‘Not Watertight’: Stricter Vaccine Law In California Will Have Limited Impact By 2027, Study Says
Researchers project that under the law -- which bars parents from citing personal beliefs as a reason for not vaccinating children -- 1.87% of children will remain unvaccinated compared to 2.36% without the law. Meanwhile, across the country there is an increase among parents citing religious objections to vaccinations.
Los Angeles Times:
California's Strict Vaccination Law Will Have Only 'Modest' Impact, Study Says
Since California tightened its childhood vaccination laws in 2016, public health officials across the country have been closely watching for signs of success in bolstering vaccination rates. A study published Monday offers an answer. In a brief in the Annals of Internal Medicine, researchers found that the strict law will have only a “modest” impact in increasing vaccination rates by 2027. (Karlamangla, 11/4)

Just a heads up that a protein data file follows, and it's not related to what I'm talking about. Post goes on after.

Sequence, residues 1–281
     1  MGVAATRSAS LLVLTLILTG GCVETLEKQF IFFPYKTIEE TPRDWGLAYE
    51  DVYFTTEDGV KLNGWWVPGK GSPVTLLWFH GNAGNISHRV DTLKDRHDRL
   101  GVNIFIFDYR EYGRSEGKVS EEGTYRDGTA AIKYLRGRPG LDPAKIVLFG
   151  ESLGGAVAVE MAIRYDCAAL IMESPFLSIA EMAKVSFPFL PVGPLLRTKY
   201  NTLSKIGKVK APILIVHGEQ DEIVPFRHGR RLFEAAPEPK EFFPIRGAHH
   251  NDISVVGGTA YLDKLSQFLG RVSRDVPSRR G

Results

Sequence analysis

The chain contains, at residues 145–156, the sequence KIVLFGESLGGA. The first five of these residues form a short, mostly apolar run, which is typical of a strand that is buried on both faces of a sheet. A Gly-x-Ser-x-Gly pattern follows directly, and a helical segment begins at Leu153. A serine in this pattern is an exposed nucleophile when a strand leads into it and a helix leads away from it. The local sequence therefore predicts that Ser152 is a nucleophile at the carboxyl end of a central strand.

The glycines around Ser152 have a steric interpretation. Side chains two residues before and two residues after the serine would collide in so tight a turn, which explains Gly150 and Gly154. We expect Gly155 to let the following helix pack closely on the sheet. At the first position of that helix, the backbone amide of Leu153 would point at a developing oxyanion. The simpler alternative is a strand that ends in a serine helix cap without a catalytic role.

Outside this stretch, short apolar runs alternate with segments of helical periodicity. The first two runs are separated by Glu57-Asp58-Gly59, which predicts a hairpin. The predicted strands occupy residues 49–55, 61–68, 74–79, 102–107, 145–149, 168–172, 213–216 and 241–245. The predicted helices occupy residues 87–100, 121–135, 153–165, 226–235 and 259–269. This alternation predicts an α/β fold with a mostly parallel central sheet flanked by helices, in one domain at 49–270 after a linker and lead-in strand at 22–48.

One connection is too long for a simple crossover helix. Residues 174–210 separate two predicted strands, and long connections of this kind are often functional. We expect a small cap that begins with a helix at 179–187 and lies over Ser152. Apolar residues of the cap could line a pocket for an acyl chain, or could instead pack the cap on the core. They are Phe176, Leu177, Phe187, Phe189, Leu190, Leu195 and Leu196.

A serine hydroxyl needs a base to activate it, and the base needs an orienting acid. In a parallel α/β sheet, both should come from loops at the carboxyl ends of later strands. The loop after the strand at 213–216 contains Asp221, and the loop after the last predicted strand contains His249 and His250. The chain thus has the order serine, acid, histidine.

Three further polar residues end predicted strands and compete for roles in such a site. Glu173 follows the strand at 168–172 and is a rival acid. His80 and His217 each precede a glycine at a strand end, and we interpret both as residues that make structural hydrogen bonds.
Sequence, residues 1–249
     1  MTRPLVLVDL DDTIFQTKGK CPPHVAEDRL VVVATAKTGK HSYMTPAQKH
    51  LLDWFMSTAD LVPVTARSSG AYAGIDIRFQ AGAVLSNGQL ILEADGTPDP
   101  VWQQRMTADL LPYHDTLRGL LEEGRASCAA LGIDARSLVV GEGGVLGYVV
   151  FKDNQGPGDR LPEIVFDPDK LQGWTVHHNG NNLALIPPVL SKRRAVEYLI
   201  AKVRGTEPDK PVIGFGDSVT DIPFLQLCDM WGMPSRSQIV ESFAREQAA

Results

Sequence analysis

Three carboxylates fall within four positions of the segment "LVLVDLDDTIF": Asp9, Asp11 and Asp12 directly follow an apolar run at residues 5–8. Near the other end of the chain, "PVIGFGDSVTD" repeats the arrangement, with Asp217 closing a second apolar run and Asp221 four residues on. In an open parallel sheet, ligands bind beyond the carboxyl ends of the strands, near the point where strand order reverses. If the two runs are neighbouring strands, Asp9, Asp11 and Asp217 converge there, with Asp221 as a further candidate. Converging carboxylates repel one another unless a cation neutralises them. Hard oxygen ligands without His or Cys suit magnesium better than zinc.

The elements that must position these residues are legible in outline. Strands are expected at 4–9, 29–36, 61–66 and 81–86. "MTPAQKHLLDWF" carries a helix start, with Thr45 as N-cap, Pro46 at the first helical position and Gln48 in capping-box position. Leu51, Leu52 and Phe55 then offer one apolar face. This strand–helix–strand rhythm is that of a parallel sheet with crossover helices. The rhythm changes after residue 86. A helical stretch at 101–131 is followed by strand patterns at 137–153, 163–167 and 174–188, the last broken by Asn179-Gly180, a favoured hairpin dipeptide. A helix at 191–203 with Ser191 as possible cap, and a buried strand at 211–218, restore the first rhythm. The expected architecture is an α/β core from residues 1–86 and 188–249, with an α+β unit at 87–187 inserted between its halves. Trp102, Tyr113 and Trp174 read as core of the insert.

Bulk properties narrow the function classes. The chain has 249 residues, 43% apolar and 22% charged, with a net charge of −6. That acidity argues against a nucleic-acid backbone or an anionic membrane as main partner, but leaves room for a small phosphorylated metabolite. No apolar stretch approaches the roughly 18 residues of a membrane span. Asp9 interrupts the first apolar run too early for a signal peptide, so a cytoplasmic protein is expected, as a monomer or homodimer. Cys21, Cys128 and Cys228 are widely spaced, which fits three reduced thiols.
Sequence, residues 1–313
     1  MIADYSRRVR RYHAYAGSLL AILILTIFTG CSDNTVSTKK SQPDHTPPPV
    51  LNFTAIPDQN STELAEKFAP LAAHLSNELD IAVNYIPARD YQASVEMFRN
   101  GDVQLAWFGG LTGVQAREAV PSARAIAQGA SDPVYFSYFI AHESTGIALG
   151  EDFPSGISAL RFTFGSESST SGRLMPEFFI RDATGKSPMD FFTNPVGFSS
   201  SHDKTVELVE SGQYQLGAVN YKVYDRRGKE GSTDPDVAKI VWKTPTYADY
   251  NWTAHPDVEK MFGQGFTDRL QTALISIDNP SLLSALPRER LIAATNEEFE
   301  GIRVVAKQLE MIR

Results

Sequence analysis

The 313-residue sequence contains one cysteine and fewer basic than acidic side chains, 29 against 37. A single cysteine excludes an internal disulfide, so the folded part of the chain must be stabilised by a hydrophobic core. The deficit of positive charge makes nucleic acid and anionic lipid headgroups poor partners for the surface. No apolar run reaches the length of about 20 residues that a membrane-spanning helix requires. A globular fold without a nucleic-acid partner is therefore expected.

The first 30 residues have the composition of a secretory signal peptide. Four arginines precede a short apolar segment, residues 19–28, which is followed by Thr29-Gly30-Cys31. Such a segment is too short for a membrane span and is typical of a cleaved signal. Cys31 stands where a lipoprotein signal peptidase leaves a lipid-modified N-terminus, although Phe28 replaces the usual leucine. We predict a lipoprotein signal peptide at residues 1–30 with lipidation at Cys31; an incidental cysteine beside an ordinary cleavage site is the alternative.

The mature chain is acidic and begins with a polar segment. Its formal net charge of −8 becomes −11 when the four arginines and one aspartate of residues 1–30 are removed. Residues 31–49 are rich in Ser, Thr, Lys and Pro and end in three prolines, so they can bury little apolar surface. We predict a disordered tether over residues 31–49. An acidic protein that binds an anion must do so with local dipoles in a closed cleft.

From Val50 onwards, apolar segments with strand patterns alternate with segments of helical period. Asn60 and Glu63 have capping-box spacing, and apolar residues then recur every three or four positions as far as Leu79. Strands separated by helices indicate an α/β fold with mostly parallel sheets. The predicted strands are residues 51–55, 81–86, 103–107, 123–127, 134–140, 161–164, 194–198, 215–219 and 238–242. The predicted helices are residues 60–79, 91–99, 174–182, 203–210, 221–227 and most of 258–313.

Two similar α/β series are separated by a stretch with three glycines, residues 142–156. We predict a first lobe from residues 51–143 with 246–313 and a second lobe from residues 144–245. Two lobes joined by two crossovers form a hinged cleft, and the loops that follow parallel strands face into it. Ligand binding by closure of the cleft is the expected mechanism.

Study: Rise In Religious Vaccine Exemptions Points To Some False Claims
The percentage of children starting kindergarten whose parents claim that vaccination conflicts with their religious beliefs has ticked up in recent years, even while the portion of Americans who profess to be part of an organized religion has fallen. A new study suggests some of the increase may be related to a tightening of school-entry vaccination policies. State law around vaccine exemptions varies, with some states permitting parents to forgo immunization of their children not only on religious grounds but also because of so-called personal beliefs. (Branswell, 11/4)